Greenpeace has parodied Procter & Gamble's 'Thank You Mom' ad campaign and festooned the FMCG giant's global headquarters in Cincinnati with massive posters accusing P&G's supply chain of deforestation and the death of wildlife.
The ads riff off the P&G campaign’s reference to mothers, by stressing that many orang-utans are being orphaned because their habitats are being destroyed. "Head & Shoulders," reads one banner, "wipes out dandruff & rainforests".
Greenpeace launched the mock ads yesterday, following the release 10 days ago of a year-long investigation into P&G’s supply chains.
The environmental pressure group has also launched a two-minute video that tells viewers: "If you have P&G products at home, many of which contain palm oil, there’s another story you should see." It lists a number of P&G brands, including Head & Shoulders, Pantene, Gillette, Ariel and Oral B.
The film highlights the destruction of forests and the plight of orang-utans, many of which are orphaned because forests are being cut down for palm oil production.
It says: "Destroying forest for palm oil plantations means some of us no longer have moms", with images of dead orang-utans.
A spokesman for Greenpeace told Marketing that P&G has responded saying it would investigate its suppliers, that it took its sustainability responsibilities seriously and that it planned to be fully sustainable by 2015. However, he added, P&G’s idea of fully sustainable and its own did not tally.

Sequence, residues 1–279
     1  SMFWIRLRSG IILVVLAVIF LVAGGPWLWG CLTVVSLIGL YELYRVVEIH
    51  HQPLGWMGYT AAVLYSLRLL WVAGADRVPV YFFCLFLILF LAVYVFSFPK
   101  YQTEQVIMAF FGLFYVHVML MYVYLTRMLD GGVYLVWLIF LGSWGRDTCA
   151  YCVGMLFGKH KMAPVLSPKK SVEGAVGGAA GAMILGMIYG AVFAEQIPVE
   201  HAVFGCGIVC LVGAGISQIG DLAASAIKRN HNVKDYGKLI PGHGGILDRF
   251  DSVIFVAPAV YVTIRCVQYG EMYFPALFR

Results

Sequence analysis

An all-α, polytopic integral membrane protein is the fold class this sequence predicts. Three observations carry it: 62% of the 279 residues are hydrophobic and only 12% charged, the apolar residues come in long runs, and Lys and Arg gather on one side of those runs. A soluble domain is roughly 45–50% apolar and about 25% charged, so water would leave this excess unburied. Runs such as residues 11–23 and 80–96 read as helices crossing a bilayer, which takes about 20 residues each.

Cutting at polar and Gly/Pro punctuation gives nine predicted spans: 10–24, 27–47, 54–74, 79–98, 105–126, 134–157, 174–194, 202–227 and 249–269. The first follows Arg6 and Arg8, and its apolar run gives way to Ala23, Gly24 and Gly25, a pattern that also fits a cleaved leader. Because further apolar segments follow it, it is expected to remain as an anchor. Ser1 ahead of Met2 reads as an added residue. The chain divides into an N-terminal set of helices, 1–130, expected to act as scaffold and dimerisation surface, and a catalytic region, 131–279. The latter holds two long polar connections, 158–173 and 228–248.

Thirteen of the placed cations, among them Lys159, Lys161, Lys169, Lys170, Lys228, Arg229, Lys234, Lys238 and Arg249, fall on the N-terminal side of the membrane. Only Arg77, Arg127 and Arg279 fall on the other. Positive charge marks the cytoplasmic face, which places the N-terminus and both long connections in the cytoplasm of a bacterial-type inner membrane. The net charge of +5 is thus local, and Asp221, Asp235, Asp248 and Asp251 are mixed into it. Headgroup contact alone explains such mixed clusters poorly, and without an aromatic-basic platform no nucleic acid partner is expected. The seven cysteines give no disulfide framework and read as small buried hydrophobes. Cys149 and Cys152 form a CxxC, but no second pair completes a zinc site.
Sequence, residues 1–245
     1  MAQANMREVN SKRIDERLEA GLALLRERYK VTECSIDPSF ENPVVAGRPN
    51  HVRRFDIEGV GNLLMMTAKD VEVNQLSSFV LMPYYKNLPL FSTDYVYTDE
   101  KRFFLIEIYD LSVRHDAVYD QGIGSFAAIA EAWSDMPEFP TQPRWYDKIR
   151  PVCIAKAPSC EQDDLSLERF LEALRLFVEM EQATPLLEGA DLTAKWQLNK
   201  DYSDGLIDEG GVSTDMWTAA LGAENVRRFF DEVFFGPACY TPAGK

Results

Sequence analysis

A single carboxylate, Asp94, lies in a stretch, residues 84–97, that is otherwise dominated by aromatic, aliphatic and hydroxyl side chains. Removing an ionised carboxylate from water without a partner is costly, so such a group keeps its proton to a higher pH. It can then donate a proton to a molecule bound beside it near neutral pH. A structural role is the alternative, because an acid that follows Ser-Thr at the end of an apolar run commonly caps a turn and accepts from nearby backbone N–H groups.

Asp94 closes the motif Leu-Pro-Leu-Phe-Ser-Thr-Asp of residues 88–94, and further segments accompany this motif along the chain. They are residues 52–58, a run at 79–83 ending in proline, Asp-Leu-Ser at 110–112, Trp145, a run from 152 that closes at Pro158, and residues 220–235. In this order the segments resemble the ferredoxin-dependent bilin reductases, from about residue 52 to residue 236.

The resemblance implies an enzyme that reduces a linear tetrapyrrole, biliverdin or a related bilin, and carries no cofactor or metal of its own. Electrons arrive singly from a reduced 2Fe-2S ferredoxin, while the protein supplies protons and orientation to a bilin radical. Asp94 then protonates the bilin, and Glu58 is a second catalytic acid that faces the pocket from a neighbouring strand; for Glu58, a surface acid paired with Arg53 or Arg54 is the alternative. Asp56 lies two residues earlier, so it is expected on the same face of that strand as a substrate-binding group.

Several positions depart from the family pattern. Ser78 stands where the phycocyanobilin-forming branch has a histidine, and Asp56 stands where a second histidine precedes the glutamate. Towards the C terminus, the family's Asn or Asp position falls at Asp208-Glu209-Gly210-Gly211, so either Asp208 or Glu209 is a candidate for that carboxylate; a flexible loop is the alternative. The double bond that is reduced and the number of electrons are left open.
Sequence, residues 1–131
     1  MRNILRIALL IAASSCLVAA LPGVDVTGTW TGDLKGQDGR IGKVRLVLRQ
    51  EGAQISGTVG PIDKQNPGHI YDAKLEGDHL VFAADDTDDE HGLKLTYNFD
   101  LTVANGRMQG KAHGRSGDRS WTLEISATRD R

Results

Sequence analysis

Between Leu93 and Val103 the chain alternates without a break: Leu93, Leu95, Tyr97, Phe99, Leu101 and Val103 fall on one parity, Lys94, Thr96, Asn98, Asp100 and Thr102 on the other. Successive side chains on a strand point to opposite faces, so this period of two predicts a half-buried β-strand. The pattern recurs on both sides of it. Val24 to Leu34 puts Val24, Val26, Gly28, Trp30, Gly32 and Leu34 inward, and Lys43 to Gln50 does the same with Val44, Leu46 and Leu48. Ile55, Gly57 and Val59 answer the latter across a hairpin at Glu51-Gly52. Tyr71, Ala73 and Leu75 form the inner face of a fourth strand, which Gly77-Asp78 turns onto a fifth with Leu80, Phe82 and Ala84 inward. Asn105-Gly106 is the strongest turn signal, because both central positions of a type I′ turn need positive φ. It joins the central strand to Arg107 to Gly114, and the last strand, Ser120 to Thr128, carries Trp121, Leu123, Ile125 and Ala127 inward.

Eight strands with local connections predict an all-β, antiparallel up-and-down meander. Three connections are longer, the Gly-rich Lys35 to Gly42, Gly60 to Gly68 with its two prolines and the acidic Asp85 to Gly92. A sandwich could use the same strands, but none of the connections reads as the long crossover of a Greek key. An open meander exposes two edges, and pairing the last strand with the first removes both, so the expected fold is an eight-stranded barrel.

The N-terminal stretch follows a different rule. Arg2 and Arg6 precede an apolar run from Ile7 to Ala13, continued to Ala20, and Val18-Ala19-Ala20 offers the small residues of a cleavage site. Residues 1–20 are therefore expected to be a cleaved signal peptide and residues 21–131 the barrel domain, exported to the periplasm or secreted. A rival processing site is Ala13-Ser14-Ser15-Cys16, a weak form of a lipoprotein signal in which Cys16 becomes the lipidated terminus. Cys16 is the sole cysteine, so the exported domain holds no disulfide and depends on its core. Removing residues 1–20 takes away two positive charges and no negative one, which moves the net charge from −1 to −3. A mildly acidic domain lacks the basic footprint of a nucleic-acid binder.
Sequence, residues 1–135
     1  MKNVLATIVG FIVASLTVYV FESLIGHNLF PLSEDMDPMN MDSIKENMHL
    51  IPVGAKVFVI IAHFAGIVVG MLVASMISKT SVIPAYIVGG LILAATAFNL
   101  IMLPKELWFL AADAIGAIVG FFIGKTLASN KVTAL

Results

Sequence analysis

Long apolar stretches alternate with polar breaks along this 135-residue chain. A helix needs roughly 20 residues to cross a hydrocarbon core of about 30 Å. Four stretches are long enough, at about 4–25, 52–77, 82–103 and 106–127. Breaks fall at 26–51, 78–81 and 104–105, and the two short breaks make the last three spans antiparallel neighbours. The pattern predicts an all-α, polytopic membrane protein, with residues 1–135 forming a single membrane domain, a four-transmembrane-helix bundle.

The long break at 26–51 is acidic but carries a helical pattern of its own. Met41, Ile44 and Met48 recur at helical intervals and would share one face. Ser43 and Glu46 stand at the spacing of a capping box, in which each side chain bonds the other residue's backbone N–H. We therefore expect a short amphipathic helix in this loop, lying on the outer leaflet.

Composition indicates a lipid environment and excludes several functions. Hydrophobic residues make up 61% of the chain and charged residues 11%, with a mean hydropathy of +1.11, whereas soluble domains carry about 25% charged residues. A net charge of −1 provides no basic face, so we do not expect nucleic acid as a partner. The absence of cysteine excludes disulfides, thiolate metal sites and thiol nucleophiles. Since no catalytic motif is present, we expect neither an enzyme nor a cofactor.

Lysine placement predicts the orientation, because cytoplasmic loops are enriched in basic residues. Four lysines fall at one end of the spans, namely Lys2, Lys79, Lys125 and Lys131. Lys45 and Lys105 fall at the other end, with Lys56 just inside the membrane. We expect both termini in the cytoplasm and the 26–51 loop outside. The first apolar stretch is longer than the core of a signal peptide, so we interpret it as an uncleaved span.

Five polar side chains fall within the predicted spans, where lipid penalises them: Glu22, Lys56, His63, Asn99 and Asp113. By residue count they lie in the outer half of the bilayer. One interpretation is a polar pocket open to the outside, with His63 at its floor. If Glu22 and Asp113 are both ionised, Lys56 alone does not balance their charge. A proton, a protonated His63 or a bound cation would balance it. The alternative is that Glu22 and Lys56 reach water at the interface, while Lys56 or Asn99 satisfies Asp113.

Areeba Hamid, one of Greenpeace’s lead campaigners, said: "Greenpeace has confronted P&G for the last eight months with how it is exposing consumers to forest destruction.
"Rather than making real guarantees that its products don’t destroy forests, it continues to greenwash its dirty supply chain by relying so-called sustainability schemes that are widely regarded to be weak and ineffective."
Greenpeace has also launched a "story-telling petition site" as part of the campaign, targeting Head & Shoulders, which it said has already gained 200,000 signatures.
Greenpeace said that P&G is sourcing palm oil from companies connected to orang-utan habitat clearance in Indonesia. Its investigations also found that its sourcing policies are "pushing the Sumatran tiger to the edge of extinction".
Hamid added: "The fact is, P&G's supply chains are tainted with forest destruction, and these suppliers are part of the so-called sustainability organisation P&G relies on. It’s time P&G commits 100% to forest protection and stop making its customers a part of habitat destruction."
In a statement, P&G said: "P&G is committed to the sustainable sourcing of palm oil. We are members of the Roundtable on Sustainable Palm Oil (RSPO), we support the RSPO criteria established for sustainable palm oil and we are part of the working group on sustainable sourcing of palm oil derivatives.
"We have made a public commitment that, by 2015, 100% of all palm oil purchases we make will be sustainably sourced and we are working with our suppliers to ensure we deliver on this commitment.
"We are strongly opposed to irresponsible deforestation practices and take any allegation of impropriety by our suppliers very seriously. We will investigate any allegations made to ensure that our policy on the responsible and sustainable sourcing of palm oil has been, and will continue to be, adhered to."
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